Botkin, Henry Albert, 1896-1983Variant names
Henry Botkin (1896-1983) was an American abstract, modern and expressionist painter and illustrator; he was known for his figure-views, still lifes, and non-objective paintings. He was active in artistic circles, served as president of four major art organizations (Artists Equity Association, American Abstract Artists, Group 256 Provincetown, and Federation of Modern Painters and Sculptors), and in 1955 organized the first exhibition of American abstract art at the Museum of Modern Art in Tokyo, Japan.
From the guide to the Henry Botkin Papers, 1928-1965, (Special Collections Research Center, Syracuse University Libraries)
Painter; New York, N.Y. and Provincetown, Mass.
Born in Boston and attended art schools there from 1913-1917. From 1917-1920, he attended the Art Students League and was employed as an illustrator for prominent magazines until 1929. Traveling abroad between 1926 and 1933, he attained his first one-man show in 1927 at the Billiet Galleries in Paris. Through his cousin, composer George Gershwin, Botkin became acquainted with people active in the performing arts, such as Harold Arlen, Fanny Brice, Harry Kurnitz, and Bert Lahr. Botkin was also involved in the American Abstract Artists, Artists Equity Association, Federation of Modern Painters and Sculptors, and Gallery 256 in Provincetown, Massachusetts.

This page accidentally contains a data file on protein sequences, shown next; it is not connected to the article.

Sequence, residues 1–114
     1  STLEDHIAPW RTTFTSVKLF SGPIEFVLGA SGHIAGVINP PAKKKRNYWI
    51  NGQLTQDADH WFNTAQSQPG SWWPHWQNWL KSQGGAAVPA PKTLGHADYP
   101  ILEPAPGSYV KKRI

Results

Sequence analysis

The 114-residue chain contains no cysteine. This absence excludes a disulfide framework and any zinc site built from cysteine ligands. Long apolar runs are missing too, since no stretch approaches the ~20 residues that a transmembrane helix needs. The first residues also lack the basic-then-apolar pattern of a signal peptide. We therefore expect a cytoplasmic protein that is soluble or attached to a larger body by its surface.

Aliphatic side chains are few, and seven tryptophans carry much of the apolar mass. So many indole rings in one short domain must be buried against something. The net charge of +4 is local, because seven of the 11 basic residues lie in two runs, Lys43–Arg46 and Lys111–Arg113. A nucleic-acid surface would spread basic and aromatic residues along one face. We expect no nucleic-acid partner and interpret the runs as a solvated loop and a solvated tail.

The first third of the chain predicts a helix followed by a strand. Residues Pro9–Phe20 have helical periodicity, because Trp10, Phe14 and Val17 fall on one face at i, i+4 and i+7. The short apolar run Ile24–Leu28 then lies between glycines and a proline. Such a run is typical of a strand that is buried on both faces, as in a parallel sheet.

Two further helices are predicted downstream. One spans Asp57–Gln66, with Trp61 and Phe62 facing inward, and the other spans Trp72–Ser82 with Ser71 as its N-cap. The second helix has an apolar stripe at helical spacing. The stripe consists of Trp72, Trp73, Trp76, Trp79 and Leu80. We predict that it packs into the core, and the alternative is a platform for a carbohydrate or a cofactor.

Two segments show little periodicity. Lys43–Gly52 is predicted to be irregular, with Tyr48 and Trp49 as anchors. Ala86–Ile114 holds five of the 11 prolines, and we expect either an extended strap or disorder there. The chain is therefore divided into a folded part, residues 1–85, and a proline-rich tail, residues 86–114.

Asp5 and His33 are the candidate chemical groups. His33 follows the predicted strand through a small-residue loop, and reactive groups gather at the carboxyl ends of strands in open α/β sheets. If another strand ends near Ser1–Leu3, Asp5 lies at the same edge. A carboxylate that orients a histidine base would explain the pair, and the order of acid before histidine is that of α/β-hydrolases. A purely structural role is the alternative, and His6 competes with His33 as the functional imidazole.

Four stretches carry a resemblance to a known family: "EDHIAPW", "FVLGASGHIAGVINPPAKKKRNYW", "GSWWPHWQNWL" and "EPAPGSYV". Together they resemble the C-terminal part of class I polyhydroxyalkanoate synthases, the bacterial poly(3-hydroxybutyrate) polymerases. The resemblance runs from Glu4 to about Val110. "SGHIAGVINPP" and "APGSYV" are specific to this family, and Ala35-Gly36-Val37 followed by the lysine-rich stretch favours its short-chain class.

From the description of Henry Botkin papers, 1917-1979. (Unknown). WorldCat record id: 86132825
|referencedIn||WFUV radio interviews relating to art||Archives of American Art|
|creatorOf||Karl E. Fortess interviews with artists||Archives of American Art|
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|New York (State)--New York|